The Graduate‘s reputation is pretty impressive. The film – starring Dustin Hoffman, Anne Bancroft and Katherine Ross – is seen as one of the defining movies of its generation. Hoffman’s Benjamin Braddock represents the kind of disaffected alienation. Benjamin is a recent college graduate and is facing an insecure future, and isn’t sure what to do with his life. His family’s social circle is populated by folks who prize external shows of affluence and social mobility. Bancroft plays Mrs. Robinson, a beautiful but destructive older woman whose aborted dreams and stultifying life has left her desolate and world-weary.
Benjamin is the cinematic incarnation of Holden Caufield from The Catcher in the Rye. He doesn’t see the world in the same way as those around him – instead of a world of opportunities and choices, he sees banality and triviality. He’s often seen in the film, drifting about, lazily in his family’s pool, his glazed eyes hidden behind sunglasses. His indulgent parents chase after him to use their connections to ensure his professional and social future – something that Benjamin doesn’t seem to care much about.
At his party he runs across Mrs. Robinson. She’s brittle and unhappy with her life. Before long, the two start an affair – for both, this injects much-needed life in their respective existences. Instead of being fulfilling, though, their trysts don’t offer the succor that they are seeking: Ben is looking for meaning and purpose, and Mrs. Robinson is seeking excitement and youth – and both are left disappointed because obviously, their relationship cannot provide anything other than physical satisfaction.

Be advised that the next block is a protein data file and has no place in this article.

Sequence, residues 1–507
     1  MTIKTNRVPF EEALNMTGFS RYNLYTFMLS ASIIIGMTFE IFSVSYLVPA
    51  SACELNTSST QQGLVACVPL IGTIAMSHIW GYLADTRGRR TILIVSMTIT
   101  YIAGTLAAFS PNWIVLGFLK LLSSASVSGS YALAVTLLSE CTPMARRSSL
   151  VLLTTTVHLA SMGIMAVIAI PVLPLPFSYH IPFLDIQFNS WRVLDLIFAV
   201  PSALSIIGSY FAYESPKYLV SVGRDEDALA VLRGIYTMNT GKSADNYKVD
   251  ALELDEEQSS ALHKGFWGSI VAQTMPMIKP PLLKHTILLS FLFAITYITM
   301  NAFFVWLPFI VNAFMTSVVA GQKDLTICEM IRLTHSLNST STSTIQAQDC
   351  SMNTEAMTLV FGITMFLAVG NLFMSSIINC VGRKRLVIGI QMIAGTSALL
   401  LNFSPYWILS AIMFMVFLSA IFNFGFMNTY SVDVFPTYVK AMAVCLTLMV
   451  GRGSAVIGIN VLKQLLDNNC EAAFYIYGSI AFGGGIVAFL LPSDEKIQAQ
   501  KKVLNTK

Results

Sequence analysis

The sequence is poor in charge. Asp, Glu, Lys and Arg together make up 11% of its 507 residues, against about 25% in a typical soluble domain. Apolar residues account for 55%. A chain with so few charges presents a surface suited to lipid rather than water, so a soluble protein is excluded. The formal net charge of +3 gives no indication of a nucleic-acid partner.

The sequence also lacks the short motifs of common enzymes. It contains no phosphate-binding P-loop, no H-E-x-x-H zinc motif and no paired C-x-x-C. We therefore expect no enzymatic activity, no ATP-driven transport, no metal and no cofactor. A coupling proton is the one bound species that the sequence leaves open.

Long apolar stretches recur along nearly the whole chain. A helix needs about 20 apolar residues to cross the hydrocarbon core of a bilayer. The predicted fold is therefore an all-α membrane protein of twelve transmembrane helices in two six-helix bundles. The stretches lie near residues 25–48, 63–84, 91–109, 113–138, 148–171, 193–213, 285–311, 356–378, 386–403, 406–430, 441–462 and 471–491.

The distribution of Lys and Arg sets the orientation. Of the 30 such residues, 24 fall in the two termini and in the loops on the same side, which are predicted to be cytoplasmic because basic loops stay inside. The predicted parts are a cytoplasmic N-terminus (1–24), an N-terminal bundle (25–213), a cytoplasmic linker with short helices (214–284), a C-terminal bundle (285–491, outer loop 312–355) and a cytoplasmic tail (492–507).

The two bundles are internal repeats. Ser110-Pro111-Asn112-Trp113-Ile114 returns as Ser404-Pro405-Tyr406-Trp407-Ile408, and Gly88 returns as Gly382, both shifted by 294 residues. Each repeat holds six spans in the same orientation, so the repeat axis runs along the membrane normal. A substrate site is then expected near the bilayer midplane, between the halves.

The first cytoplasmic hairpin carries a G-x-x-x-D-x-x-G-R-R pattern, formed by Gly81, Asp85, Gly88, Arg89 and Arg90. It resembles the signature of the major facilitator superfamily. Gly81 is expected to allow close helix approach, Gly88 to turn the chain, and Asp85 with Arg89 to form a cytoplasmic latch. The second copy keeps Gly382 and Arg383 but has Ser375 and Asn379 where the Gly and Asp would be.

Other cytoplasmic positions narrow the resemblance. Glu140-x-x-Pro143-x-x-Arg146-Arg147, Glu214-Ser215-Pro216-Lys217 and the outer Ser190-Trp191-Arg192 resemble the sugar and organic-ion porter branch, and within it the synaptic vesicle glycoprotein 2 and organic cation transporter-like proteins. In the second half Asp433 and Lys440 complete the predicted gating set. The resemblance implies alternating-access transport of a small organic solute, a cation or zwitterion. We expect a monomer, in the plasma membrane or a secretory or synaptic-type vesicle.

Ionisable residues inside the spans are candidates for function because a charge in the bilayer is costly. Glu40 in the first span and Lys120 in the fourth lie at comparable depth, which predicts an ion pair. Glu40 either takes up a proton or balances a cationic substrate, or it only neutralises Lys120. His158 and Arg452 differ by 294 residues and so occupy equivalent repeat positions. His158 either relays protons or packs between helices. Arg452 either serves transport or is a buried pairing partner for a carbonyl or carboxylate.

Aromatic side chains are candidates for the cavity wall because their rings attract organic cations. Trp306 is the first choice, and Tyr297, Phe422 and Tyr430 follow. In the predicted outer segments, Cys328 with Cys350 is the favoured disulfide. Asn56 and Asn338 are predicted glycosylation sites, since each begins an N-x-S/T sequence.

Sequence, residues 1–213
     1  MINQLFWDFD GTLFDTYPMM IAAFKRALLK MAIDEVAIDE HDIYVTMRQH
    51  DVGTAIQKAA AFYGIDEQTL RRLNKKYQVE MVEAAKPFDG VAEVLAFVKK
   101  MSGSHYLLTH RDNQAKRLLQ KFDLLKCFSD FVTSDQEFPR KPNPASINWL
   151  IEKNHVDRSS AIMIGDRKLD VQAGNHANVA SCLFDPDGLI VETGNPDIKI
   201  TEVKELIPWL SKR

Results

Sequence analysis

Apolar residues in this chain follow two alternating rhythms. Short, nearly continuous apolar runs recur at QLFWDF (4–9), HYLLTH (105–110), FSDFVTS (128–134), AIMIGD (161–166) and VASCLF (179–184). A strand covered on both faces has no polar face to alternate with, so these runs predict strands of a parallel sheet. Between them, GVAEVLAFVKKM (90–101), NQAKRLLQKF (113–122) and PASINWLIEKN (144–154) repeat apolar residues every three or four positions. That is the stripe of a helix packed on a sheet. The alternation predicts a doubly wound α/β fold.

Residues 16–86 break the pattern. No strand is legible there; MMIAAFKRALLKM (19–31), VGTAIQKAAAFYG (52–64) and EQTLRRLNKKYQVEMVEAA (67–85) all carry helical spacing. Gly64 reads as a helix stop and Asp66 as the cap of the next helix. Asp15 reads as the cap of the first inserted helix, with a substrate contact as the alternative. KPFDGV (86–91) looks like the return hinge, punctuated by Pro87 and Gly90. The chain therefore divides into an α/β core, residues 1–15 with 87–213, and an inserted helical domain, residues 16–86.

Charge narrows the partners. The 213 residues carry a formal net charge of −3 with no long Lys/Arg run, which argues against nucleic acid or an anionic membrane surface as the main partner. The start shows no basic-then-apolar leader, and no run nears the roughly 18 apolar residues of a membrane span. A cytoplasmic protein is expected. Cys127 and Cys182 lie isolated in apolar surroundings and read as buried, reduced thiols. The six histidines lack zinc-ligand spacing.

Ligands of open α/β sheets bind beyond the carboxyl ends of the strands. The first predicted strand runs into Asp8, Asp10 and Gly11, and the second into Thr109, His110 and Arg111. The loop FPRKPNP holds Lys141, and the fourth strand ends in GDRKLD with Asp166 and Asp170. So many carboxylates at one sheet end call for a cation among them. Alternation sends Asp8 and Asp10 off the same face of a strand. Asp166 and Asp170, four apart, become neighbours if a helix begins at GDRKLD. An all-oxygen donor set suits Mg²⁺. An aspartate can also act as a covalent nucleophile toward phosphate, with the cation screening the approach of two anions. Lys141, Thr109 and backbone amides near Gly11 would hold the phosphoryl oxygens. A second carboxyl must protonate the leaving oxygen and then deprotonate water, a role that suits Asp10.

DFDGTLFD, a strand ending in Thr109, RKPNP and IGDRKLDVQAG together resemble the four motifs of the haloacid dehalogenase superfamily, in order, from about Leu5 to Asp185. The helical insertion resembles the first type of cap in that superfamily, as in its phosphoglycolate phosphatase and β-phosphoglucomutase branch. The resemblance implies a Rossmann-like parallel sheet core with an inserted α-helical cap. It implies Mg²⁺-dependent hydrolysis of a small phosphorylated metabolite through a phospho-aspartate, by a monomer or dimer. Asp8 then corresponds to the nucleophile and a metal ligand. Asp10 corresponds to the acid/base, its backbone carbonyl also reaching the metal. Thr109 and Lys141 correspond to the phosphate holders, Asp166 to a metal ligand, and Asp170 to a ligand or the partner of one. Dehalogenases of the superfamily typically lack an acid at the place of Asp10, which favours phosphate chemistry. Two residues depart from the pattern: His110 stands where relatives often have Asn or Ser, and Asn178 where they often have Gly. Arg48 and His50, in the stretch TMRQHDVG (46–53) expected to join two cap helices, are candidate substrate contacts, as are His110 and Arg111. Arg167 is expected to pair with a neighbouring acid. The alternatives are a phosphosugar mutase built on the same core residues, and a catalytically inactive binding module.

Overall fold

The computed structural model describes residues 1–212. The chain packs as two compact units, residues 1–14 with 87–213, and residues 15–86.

In The Graduate, Hoffman’s performance is star-making. He perfectly encapsulates the indifference and alienation of young people in the late 1960s. The values that were held dear to their parents no longer felt relevant. And as Mrs. Robinson, Bancroft is wonderful – sad, depressing and infuriating. It’s easy to see why Benjamin would be initially drawn to the flirty and worldly Mrs. Robinson. Unlike the other adults in his life, Mrs. Robinson doesn’t spout glib bits of advice, nor does she seem to value what her peers value in life. Their affair becomes strained when Benjamin is introduced to Mrs. Robinson’s lovely daughter, Elaine (Ross). Ross is the only disappointment in the film – her lightweight presence and her cipher-like position in The Graduate causes a bit of a rip in the film’s unwavering and unflinching look at disaffection among the characters. While she’s lovely, she seems a bit two-dimensional when compared to the full-bodied performances of Hoffman and Bancroft.
The Graduate is far from perfect. Aspects of the film date pretty badly; also the heralded Simon & Garfunkel soundtrack is good, but sort of tacked onto the film. Also the ending and resolution includes an action sequence in the church that climaxes with Benjamin brandishing a large cross to fend off a marauding mob, intent on beating him up; but the filmmakers thankfully reign things in before they get too ridiculous and the film ends with the iconic bus ride where Elaine and Ben sit next to each other, initially collapsing in laughter, before they fad into pensive, thoughtful stares.